Minnesota Public Radio, March 26, 2012
In this article, ILSR Senior Researcher John Farrell discusses how the coming of cheap solar may change everything.
Most Americans think clean energy is futuristic — a good idea some day, but not practical now. But a new report from the Institute for Local Self Reliance suggests that within 10 years, 100 million Americans in the nation’s largest cities could get cheaper electricity from rooftop solar — without subsidies — than that provided by their utility.
For example, one-quarter of San Diego residents could power their homes with cost-effective solar by next year. Even in Boston, solar could cost-effectively power one-third of homes by 2020.
The current electricity system is ill-equipped for this surge in local rooftop solar — or even for the 21st century. It’s a relic of the last century, when utilities located dirty coal-powered plants far from population centers, connecting them via high-voltage transmission lines to customers hundreds or thousands of miles away.
An electricity system powered by local solar is fundamentally different. Wherever the sun shines, solar panels are right at the customer’s location, on a rural farm or an urban rooftop. And because solar power is modular, it lends itself to construction at a local scale.
Solar also lends itself to local ownership instead of utility conglomerates. The National Renewable Energy Laboratory reports that locally owned renewable energy projects — like rooftop solar — can offer twice the jobs and more than three times the local economic impact of absentee-owned projects, because revenue from local projects stays in the local economy. Having an economic stake in energy ownership also gives citizens a sense of political ownership. Researchers in Germany found a 45 percentage-point increase in support for more local wind power when wind turbines were locally owned instead of absentee-owned.
The rooftop revolution doesn’t need more subsidies, but it does need new rules.
Subsidies for solar must change before exponential growth creates exponential resistance to rising costs. This requires us to move away from fixed, one-size-fits-all incentives like the federal solar tax credit toward more flexible and transparent incentives that can phase out as solar becomes competitive in different regions.
The solar tax credit should also be replaced because it is inefficient. Indeed, as much as half of taxpayers’ money goes not to solar power plants, but to the middle men who funnel it to large corporations and wealthy households.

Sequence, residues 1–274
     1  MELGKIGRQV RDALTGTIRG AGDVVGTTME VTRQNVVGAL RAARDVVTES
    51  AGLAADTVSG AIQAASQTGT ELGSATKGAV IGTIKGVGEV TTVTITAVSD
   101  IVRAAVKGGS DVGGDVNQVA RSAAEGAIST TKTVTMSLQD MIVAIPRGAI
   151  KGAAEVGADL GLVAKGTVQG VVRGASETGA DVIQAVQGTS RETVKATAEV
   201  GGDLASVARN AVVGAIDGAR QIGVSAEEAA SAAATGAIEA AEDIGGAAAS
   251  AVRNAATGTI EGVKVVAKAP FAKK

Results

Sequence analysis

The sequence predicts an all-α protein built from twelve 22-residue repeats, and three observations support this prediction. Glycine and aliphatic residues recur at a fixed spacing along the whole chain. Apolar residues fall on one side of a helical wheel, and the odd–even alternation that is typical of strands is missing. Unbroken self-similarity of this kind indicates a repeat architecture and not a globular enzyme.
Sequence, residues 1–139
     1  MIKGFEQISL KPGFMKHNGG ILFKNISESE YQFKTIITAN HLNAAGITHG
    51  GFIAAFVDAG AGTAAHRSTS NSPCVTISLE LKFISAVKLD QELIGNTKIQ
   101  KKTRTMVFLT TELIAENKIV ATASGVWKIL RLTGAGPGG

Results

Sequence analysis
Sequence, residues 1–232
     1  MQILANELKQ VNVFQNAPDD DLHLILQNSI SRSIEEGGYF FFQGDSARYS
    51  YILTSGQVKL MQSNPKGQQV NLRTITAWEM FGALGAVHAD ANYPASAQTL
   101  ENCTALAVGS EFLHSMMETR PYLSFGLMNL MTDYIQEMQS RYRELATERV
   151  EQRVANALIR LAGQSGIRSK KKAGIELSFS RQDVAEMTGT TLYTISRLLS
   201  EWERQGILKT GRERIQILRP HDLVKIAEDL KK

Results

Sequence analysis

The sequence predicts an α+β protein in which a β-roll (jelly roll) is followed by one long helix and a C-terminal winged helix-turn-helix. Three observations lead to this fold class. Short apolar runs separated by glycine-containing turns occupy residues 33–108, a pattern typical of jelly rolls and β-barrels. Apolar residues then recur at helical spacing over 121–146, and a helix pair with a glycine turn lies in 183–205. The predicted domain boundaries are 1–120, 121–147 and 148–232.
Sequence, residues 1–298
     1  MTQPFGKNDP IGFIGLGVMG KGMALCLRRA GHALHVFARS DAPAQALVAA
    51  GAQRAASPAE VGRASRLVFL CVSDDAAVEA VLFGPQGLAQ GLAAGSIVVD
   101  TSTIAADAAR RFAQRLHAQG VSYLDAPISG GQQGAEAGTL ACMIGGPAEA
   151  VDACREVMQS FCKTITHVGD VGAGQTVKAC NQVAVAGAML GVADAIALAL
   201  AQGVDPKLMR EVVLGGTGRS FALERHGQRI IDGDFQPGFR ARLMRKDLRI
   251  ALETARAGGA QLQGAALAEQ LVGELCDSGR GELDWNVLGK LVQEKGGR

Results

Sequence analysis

The tax credit’s inefficiency also undermines solar’s greatest asset: local ownership of energy generation. Local ownership of solar could be best achieved through community institutions — cooperatives, schools or cities — but federal tax incentives are for taxable entities, not these organizations. Instead, community institutions must rely on complex partnerships with large corporations to use tax credits, with as much as half the credit used to reduce the tax liability of the private partner instead of the cost of local solar.
Policy makers could replace the inequities and inefficiencies of the tax credit with a feed-in tariff: an energy policy that allows anyone to get a long-term contract for generating electricity from solar, at a price sufficient to earn a modest return on investment (without using the tax code). Used by leading solar nations like Germany, the feed-in tariff can adjust to solar market conditions, as well as offering different contract prices in less sunny regions or places with lower grid electricity prices.
The new rules for the electricity system are needed now, because otherwise billions of dollars will be spent on the last century’s power plants and power lines just as a local solar revolution supplants them.
The surge in local solar will create a self-interested movement — the strongest kind. But the movement’s success requires policy makers to act now. With the right rules, they can nurture a solar opportunity to democratize energy production and to energize democracy.